When analyzing data from the simulator task (study 2), results suggested that the “consultant” group perceived this task as more challenging than the “operational” group. These results were reinforced by the ECG analysis, considering the statistical significant lower values of RMSSD, pNN20 and higher values of LF/HF in the “consultant” group. It is important to bear in mind that this group does not perform this type of functions on a daily basis, showing more physiological arousal and higher stress perceptions. Hence, experimental evidence suggests that performing training situations increases the effective-based expertise and help neutralizing stress effects [33]. Stress can impair ATCs performance and increase errors rate during ATC functions. These can cause huge losses of human lives, material and environment impairment. A strong emphasis has been placed on simulators training, considering its ability to simulate and mimic the real traffic from simplest situations to the most complex ones [34]. Simulators enable better preparation of these professionals without compromising persons or property, thanks to more careful training on the reaction to threat situations, and a standardization of procedures in order to diminish errors or failures.

This study is not without limitations, such as the reduced sample size and the fact that no measure of performance was used during the simulator task. Hence, it would be important in this type of simulations to include performance indicators (e.g., counting the number of arrivals and departures handled per hour; number of “near miss” signals; reaction times) in order to understand the impact of stress on controller’s responses.


The current study used a novel biomonitoring platform that is indicative and may be useful as a starting point for future larger scale studies. Despite the drawbacks, the current study is a pioneer in terms of the specific population under study and the methodology used, providing an important insight into the direct effects of stress on health and performance. The system was successfully tested and validated in terms of reliability and feasibility using a dataset obtained from ATCs during two experimental conditions. Our scope is to deploy this wearable platform during real ATC situations for the continuous monitoring of ATCs stress levels. This allows future avenues for new perspectives on stress-related diseases, and the development of personalized and quantified occupational health (qOHealth) devices allowing real-life monitoring of ATCs stress responses.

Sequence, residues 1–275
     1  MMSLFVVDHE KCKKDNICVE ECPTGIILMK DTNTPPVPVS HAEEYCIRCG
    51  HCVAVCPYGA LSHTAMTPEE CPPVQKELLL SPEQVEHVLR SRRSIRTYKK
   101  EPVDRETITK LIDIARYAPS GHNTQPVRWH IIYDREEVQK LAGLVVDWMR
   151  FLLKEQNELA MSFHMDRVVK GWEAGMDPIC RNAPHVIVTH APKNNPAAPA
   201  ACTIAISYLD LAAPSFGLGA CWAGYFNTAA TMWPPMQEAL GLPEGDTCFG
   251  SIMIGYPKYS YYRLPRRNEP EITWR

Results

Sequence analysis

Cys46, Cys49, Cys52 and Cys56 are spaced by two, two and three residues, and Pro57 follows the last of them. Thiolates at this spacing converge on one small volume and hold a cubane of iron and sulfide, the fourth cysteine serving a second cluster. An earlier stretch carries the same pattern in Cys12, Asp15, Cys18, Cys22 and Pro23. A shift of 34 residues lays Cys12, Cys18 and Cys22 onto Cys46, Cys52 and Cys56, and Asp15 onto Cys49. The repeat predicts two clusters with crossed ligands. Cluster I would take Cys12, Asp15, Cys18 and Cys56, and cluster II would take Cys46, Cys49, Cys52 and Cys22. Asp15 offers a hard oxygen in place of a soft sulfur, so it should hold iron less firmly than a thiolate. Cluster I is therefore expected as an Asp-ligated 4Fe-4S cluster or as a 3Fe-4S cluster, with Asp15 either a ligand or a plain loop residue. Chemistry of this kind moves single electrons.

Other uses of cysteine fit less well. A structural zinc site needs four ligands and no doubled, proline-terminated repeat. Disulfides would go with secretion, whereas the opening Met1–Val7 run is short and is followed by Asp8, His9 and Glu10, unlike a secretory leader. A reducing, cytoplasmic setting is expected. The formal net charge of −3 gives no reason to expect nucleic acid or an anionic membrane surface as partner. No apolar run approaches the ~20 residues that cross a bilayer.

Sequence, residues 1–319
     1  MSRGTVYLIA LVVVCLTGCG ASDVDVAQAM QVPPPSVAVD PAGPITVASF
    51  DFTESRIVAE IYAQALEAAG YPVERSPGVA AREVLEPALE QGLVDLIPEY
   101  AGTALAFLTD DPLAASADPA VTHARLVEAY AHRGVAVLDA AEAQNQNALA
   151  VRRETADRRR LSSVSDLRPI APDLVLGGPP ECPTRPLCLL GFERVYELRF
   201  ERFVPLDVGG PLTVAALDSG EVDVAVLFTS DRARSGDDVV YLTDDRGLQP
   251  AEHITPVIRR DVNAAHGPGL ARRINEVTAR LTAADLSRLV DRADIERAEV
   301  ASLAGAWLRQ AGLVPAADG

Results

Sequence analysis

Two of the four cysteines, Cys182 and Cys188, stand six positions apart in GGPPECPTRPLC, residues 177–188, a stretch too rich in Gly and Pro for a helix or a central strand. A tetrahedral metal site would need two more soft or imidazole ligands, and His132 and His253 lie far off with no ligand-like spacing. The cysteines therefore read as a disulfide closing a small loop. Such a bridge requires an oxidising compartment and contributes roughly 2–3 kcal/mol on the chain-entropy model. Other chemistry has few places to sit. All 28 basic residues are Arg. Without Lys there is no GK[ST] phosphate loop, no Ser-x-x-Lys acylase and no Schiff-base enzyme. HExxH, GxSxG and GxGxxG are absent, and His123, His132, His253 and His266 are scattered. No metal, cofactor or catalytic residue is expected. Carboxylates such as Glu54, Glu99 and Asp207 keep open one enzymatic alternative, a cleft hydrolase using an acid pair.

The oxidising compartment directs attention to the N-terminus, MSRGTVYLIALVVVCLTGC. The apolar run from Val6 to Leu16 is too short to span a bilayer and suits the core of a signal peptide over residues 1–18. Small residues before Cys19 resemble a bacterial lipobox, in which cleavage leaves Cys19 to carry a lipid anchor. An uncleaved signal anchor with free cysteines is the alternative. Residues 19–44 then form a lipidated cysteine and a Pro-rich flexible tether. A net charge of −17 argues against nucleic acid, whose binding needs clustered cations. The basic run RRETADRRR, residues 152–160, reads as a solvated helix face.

ANS = Autonomic Nervous System
ATC = Air Traffic Control
ATCs = Air Traffic Controllers
AVNN = Average of NN Intervals
CRTT = Choice Reaction Time Task
ECG = Electrocardiogram
HR = Heart Rate
HRV = Heart Rate Variability
qOHealth = Quantified Occupational Health
LF/HF = Ratio of Low Frequency and High Frequency power band
NAV = Navegação Aérea Portuguesa
NN intervals = Normal-to-Normal Intervals
PSS = Perceived Stress Scale
RMSSD = Root Mean Square of Differences of successive RR intervals
RR Intervals = Rhythm- to-Rhythm Intervals
pNN20 = percentage of the number of pairs of successive NNs that differ more than 20 ms
TSST = Trier Social Stress Test
VAS = Visual Analogue Scales


The study was approved by the University of Porto Ethics Committee.


All human research procedures followed were in accordance with the ethical standards of the committee responsible for human experimentation (institutional and national), and with the Helsinki Declaration of 1975, as revised in 2008.


All informants were carefully instructed about the study protocol and gave written informed consent prior to the examination.


The authors declare no conflict of interest, financial or otherwise.


This work has been financed by National Funds through the FCT Fundação para a Ciência e Tecnologia (Portuguese Foundation for Science and Technology) within the project VR2Market CMUP-ERI/FIA/0031/2013 and FCT PhD grant PD/BD/135023/2017. We would like to thank NAV, E.P.E. Portugal and all the Air Traffic Controllers that accepted to participate in this study.


[1] Inoue S, Furuta K, Nakata K, Kanno T, Aoyama H, Brown M. Cognitive process modelling of controllers in en route air traffic control. Ergonomics 2012; 55(4): 450-64.
[2] Jou R-C, Kuo C-W, Tang M-L. A study of job stress and turnover tendency among air traffic controllers: The mediating effects of job satisfaction. Transp Res, Part E Logist Trans Rev 2013; 57: 95-104.
[3] Furuta K, Ohno K, Kanno T, Inoue S. Simulation of team cooperation processes in En-Route air traffic control. Advances in air navigation services: InTech; 2012.
[4] Council NR. Flight to the future: Human factors in air traffic control 1997.
[5] Fothergill S, Loft S, Neal A. ATC-lab(Advanced): An air traffic control simulator with realism and control. Behav Res Methods 2009; 41(1): 118-27.